From left: Eliza Conley-Lepene, Patrisha McLean, Jeannine Oren and Kerry Roarke stand with a poster they hung at Brickyard Hollow in Yarmouth. Rachel Vitello / The Forecaster

A group of women spreading awareness about domestic violence hung large posters in Falmouth and Yarmouth last week that shows the faces of survivors.

So far, the group — Finding Our Voices — has placed about 1,600 24-by-30 inch posters in 40 towns across the state.

“It’s about erasing the stigma of domestic violence,” said Finding Our Voices volunteer Eliza Conley-Lepene. “It’s letting people know that we’re done with the suffering and the violence. The community needs to stand with survivors.”

Jeannine Oren hangs a poster at Brickyard Hollow in Yarmouth.

Conley-Lepene, along with Finding Our Voices founder and President Patrisha McLean and volunteers Jeannine Oren and Dr. Kerry Roarke hung the posters in business windows.  All four women have their own past experiences with domestic violence, and that’s what motivates them all to make a difference for other people going through the same thing, the said.

The Maine Coalition to End Domestic Violence worked with 12,516 people in 2020. A domestic violence assault is reported to law enforcement every 2 hours and 22 minutes in Maine, according to the coalition.

In Yarmouth, officers responded to 206 disturbances with a “domestic component between 2016 and 2020, according to Police Chief Daniel Gallant. A call to the Falmouth Police Department was not returned before The Forecaster deadline.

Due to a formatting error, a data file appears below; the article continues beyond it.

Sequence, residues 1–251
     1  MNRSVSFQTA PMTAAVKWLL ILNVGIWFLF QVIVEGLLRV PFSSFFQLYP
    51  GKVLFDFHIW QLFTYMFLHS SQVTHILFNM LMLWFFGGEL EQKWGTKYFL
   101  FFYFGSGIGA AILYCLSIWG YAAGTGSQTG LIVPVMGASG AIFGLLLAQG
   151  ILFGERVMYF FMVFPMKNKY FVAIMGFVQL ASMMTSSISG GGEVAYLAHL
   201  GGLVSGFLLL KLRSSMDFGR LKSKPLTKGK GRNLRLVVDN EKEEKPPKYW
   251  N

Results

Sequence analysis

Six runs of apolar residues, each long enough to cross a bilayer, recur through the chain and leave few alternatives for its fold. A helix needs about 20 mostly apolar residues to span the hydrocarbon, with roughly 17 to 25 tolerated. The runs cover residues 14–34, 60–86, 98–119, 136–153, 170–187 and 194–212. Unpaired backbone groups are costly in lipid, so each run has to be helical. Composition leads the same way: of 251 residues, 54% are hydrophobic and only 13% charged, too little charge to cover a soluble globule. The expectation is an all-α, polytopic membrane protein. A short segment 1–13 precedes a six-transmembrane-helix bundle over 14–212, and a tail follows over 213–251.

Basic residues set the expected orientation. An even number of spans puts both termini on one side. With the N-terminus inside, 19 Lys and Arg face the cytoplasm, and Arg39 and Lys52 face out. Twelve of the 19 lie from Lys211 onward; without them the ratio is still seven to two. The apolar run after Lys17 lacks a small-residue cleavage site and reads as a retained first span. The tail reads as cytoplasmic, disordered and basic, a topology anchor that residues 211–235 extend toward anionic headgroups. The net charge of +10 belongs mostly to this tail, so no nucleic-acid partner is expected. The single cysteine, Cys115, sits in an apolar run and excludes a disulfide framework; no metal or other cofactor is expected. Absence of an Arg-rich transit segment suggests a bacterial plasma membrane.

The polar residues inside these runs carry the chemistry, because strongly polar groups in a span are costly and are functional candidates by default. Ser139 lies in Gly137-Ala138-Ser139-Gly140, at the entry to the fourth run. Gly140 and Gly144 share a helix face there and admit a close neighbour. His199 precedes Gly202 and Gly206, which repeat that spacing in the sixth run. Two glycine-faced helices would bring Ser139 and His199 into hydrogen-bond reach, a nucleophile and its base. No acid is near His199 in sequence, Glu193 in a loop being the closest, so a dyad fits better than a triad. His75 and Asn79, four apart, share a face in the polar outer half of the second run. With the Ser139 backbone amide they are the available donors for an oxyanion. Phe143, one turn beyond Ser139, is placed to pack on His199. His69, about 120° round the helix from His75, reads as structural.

“I was in it for 29 years and didn’t realize it was domestic abuse,” said McLean the ex-wife of “American Pie” singer-songwriter Don McLean. “There’s a conspiracy of silence, where victims do not have a voice and because of that, these (abusers) are not held accountable.”

Finding Our Voices also aims to bring awareness to the different forms that domestic abuse can take.

“Domestic abuse is not just a black eye,” Oren said. “I want to make people better understand the connection between financial abuse and domestic violence. Studies show that 99% of cases of actual physical violence include instances of financial abuse, too. When I stumbled upon that stat many years ago, I immediately identified with it.”

Oren worked to get a bill passed in the state Legislature that expands the definition of domestic violence to include financial abuse. This year, she worked on the passage of a bill that adds economic abuse as a factor the court can consider when ordering spousal support. The four women testified in support of the two bills.

“We want to make sure people know they’re not alone,” Roarke said. “I didn’t understand the situation I was in. As someone who’s well-educated, I always thought it was a certain type of woman who was in that situation, but it can happen to anyone. It’s not your fault. There is nothing wrong with asking for help.”

“We’re going to paper as much of Maine as we can with our faces and voices,” said McLean. “We have to break the silence.”

For more information on Finding Our Voices, go to

If you or someone you know is experiencing domestic violence, call Through These Door’s Cumberland County 24/7 helpline at 1-800-537-6066 or the statewide helpline at 1-866-834-4357.

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